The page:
All eyes on loan growth as Bank of Ireland reports full-year results
This Week: Big week for banks as SME lending stays weak amid Brexit caution
Bank of Ireland forecasts profit after tax of €765 million, an 11 per cent increase on 2017. Photograph: Frantzesco Kangaris/Bloomberg
Indicators: UK mortgage approvals (Jan).
Looking ahead to the results, Davy said that, in the case of Bank of Ireland (which reports on Monday), all eyes will be firmly on loan growth and progress on transformation in several key areas.
It forecasts profit after tax of €765 million, an 11 per cent increase on 2017. However, in a cautionary note, analysts say the bank’s near-term outlook will be scrutinised against the uncertain Brexit backdrop and competition posed by UK retail banking.
As for AIB (which reports on Friday), Davy expects modest net loan book growth of about 1 per cent for the year, helped by both mortgages and corporate lending.
“With SME lending remaining weak, and a continued cautious UK stance, the outlook for both segments is key to driving core earnings growth,” it said.
Meanwhile, following reports in The Irish Times regarding pay rises in both pillar banks, Goodbody said that, in the case of Bank of Ireland, its estimates had already incorporated a 2.75 per cent increment. “So the slightly higher settlement will add [about] €9 million to our FY21F cost base, or reduce net income by 1 per cent, unless recouped elsewhere in the cost base,” it said.
Permanent TSB reports its results on Wednesday.
Indicators: Irish overseas travel (Jan); German consumer confidence (Mar); US house price index (Dec), consumer confidence (Feb).
Things are looking up for hoteliers and, more specifically, in the operations of Dalata, Ireland’s largest operator, which reports full-year results on Tuesday.
Positive sentiment around the company is broadly reflected in recent announcements. Last month it said it had agreed terms to lease a new 200-bedroom, four-star hotel as part of the Spencer Place development on Dublin’s docklands. This will expand Dalata’s foothold in the docklands area to four hotels.
More recently, Northern Irish developer McAleer & Rushe received planning for two UK hotels that will be operated by the company when built.
Dalata currently boasts more than 8,000 rooms in 29 owned Irish hotels, 10 leased properties and three management contracts. It operates both the Clayton and Maldron brands.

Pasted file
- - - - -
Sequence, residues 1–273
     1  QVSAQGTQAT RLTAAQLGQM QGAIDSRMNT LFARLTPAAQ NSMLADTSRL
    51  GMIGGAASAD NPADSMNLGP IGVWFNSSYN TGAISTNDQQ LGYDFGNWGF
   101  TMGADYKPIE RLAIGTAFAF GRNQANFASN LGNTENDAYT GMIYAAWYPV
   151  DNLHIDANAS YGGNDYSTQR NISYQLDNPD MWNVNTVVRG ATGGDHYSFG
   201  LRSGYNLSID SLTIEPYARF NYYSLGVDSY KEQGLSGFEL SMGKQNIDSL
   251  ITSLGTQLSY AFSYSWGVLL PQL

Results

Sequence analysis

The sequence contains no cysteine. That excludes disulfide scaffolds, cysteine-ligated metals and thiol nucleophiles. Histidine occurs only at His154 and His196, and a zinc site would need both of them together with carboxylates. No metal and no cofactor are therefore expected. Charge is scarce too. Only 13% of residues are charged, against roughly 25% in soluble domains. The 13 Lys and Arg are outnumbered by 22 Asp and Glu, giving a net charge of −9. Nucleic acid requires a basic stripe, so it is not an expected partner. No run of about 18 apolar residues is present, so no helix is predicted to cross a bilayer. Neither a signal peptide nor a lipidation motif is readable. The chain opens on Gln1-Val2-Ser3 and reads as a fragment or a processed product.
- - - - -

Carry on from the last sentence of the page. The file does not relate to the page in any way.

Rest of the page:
Recent activity in the sector is also a boost ahead of results. Reports show revenue per available room (RevPAR) grew by 0.9 per cent in January, despite the 4.5 percentage point rise in VAT. Davy has predicted RevPAR growth for Dalata of 1 per cent for the year as a whole given the VAT headwind and increasing supply.
Indicators: Irish road freight transport survey (Q3, 2018); Euro zone loan growth and money supply (Jan), industrial, economic and services sentiment (Feb), business and consumer confidence (Feb), consumer inflation expectations (Feb); US factory orders (Dec).
Meetings: Talent Summit HR & Leadership Conference (Convention Centre Dublin); Cork Chamber: Enterprise Europe Network Seminar for international business (River Lee Hotel, Western Rd, Cork).
Indicators: Irish retail sales (Jan); UK consumer confidence (Feb), housing prices (Feb); German inflation (Feb); US GDP (Q4).
Meetings: How Should the EU Spend Your Money economist debate (Institute for International and European Affairs, North Great George’s Street, Dublin 1); Irish Small and Medium Enterprise (ISME) association road show on business networking (Clayton Silver Springs Hotel, Cork).
Results: AIB Group, William Hill, Foot Locker.
Indicators: Irish manufacturing PMI (Feb); Euro zone manufacturing PMI (Feb), inflation (Feb), unemployment (Jan); UK consumer credit (Jan), net lending to individuals (Jan), mortgage lending and approvals (Jan), manufacturing PMI (Jan); German import prices (Jan), unemployment (Feb), manufacturing PMI (Feb); US PCE price index (Dec, Jan), manufacturing PMI (Feb), vehicle sales (Feb).